The MySQL database configuration in kurt1 was much more difficult . All three of us tried a couple of stock configurations for MySQL, but when we tried to bring up the site with them, she keeled over in minutes and we had tons of locked queries. We were also running MySQL 5.1 instead of 5.0, which although declared stable, most server distributions still ship 5.0 in stable and 5.1 as experimental. This is a consequence of Fedora being primary a desktop distribution, not server.

At any rate, we had no better idea of how to restore site operation, so we decided to see if switching database engine would help. This was part of the scheduled upgrades anyways. So after a few tries due to various bugs, I stayed up late one night in the office at work, because I miscalculated how long it would take to switch engines and unable to leave the operation in course. After several hours, we switched away from the MyISAM engine to the InnoDB engine which is supposed to handle locks much better but has different assumptions of operation. InnoDB handles concurrent queries better without locking, but has other issues we would soon discover.

This was about three or four days of downtime. In the meantime, the IRC channel became a refugee camp. Around the third or fourth night, after the move to a new database engine was complete, I hit the gas, started the cronjobs, redirected web2 to serve ecore pages, and with much difficulty, we got the website to 88 miles per hour and our first few pageloads started trickling in.

Improving pageloads, losing and recovering one engine

Once the website was up and at least staying up, it looked like most of our work was done, and I suggested that the IRC refugee camp could be liberated. However, pageloads were unbearable for about ten days or so. We tried everything we could think of, and I spent a lot of time more or less randomly tinkering with our MySQL configuration.

Somewhere along the line, I also tried to synchronise ecores and homenodes images between tcwest and web6 so that it would be easier to keep ecore updated with our work and you wouldn't get a semirandom homenode image depending on which of the two webheads served your request. Unfortunately, core temperature in web6 was probably too high and she shut down most likely to overheating. She was the one hosting the single ecore and single set of homenode images, so that incurred a couple of hours of downtime. alex rerouted all power to tcwest and questioned the wisdom of serving ecore and homenode images from a single server. nate rebooted web6 remotely, observed she was still webworthy, and I begrudgingly kept the ecore separate, but stubbornly insisted on mounting homenode images from one place only, still web6.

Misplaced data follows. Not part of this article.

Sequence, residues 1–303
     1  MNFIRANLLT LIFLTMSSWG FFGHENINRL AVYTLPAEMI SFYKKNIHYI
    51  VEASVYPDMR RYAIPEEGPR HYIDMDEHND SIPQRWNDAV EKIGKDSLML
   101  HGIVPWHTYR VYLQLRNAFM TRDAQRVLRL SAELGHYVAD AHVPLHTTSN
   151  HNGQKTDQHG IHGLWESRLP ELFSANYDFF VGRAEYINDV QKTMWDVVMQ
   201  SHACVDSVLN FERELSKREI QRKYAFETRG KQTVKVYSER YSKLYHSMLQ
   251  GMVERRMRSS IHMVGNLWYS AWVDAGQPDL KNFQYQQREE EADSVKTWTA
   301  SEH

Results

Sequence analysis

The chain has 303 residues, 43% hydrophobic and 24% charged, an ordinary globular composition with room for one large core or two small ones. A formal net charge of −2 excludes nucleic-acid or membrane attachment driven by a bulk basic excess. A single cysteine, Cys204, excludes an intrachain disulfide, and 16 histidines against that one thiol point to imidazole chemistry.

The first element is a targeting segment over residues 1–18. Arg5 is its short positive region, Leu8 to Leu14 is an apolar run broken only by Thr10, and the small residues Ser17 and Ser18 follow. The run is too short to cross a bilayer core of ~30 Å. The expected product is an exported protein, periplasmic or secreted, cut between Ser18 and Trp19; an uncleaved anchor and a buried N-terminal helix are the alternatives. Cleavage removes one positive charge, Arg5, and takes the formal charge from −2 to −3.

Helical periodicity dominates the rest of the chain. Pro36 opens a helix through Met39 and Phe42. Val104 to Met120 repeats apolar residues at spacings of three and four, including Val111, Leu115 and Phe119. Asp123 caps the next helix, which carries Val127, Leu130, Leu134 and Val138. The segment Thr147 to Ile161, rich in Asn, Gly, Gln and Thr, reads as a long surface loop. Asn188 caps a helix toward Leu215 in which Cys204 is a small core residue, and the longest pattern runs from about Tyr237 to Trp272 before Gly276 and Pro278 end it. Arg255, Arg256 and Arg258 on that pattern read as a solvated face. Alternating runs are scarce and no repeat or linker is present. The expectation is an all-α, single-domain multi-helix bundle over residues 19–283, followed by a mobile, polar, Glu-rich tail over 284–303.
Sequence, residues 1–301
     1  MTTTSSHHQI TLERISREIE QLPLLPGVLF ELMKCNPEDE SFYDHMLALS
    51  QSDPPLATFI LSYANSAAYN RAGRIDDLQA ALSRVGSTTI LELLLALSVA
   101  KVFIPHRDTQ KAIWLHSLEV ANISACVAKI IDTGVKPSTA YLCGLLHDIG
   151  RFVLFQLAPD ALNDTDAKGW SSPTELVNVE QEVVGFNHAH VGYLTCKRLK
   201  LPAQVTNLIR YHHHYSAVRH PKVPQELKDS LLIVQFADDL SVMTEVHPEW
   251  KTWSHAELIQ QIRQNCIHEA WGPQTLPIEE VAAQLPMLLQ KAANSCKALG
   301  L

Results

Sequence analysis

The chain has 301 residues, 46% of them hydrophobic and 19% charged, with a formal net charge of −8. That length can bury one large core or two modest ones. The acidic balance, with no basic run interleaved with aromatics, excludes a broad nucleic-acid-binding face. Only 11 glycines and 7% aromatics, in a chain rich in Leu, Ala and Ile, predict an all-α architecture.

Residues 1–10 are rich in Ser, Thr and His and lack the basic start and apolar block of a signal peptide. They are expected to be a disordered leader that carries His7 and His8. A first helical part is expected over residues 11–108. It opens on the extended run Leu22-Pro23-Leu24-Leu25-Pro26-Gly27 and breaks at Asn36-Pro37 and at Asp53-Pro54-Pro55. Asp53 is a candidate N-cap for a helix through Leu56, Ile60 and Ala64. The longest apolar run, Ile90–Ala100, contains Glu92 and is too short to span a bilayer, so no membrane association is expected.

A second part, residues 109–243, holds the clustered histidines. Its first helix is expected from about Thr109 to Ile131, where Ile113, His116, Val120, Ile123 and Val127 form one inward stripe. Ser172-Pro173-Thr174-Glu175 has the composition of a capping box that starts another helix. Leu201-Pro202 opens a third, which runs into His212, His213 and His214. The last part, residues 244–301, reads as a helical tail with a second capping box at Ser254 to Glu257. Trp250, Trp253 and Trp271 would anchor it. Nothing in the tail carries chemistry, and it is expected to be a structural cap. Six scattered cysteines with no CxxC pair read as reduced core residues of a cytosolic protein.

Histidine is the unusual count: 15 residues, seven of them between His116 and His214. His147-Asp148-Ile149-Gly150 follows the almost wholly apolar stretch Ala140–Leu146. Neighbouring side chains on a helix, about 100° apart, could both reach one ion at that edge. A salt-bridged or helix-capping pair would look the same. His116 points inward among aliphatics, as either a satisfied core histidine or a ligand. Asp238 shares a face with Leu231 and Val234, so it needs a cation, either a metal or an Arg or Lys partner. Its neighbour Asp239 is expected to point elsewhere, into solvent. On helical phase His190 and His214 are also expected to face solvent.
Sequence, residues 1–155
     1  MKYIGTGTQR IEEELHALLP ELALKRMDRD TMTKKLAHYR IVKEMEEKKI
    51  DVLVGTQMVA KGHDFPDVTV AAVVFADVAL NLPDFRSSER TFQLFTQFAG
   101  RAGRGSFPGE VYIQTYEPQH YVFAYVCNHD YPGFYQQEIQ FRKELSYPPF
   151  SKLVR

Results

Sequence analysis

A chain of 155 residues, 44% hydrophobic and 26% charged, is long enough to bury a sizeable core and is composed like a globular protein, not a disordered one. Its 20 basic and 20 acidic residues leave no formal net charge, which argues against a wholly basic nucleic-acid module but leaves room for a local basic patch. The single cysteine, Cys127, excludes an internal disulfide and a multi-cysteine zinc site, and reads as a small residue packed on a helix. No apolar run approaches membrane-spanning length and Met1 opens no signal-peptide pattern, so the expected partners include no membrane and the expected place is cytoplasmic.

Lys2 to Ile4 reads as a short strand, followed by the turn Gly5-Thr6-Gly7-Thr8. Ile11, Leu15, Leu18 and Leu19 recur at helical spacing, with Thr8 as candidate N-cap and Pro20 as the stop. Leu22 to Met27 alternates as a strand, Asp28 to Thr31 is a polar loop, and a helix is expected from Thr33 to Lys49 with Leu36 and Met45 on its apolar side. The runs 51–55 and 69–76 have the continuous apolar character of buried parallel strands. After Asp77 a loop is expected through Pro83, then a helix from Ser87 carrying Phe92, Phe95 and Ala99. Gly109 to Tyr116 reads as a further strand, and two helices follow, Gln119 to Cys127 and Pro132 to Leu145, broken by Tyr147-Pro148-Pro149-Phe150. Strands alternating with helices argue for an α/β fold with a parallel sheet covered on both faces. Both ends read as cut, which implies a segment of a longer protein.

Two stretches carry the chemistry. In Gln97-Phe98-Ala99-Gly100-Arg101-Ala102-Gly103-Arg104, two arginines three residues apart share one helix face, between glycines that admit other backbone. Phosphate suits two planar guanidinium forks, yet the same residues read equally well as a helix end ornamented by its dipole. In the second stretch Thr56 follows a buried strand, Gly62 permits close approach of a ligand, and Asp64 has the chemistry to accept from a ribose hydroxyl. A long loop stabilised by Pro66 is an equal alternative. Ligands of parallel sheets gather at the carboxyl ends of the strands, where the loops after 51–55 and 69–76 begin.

Back to MySQL and InnoDB configuration, I tried increasing memory usage of InnoDB to allow it to load as much of the database as possible into RAM to alleviate the biggest bottleneck in almost anything: hard disk input/output. This had a marginal improvement in pageloads and 503's became more rare, but load times were still unacceptable and occasionally web2 would give up waiting for tcwest or web6 to respond, hence 503.

I spent a lot of time reading about InnoDB and MySQL optimisation, trying various things, but I was out of my element. We all were. I asked around for help. Reasoning that since our hardware was in fact better than what we burned except for the lost RAID, I couldn't give up in finding the magic combination that could bring pageloads back to what they were before the server crash. Finally, after asking around for help wherver I could, I found an IRC chap by the name of Raymond DeRoo who was kind enough to teach me a few basic optimisation tricks. Turns out that kurt1 had tons of sleeping processes hogging MySQL connections, so the first thing Raymond suggested was to reduce the timeout on sleeping connections from 8 hours to 3 seconds, and this had a very noticeable effect of bringing down pageload averages from a few minutes or longer to just a few seconds. He offered some advice on how to setup our my.cnf for improved performance as well as teach me how to track down and monitor bad queries. Some queries that worked well with MyISAM are terrible for InnoDB, so with the tricks learned, I spent the next week tracking down and modifying or sometimes outright killing bad queries. OldMiner proved to be an invaluable sounding board and also squashed a few bad queries of his own. After a few iterations of doing this, site is slow, find bad query, kill bad query, we arrived at where we are now. During this process, pageloads were generally acceptable enough that edev could now offer some much-needed help.

So it looks like the Sourceforge netops' wisdom, as retold by nate, worked: we fixed our fucking code, and pageloads seem to be good.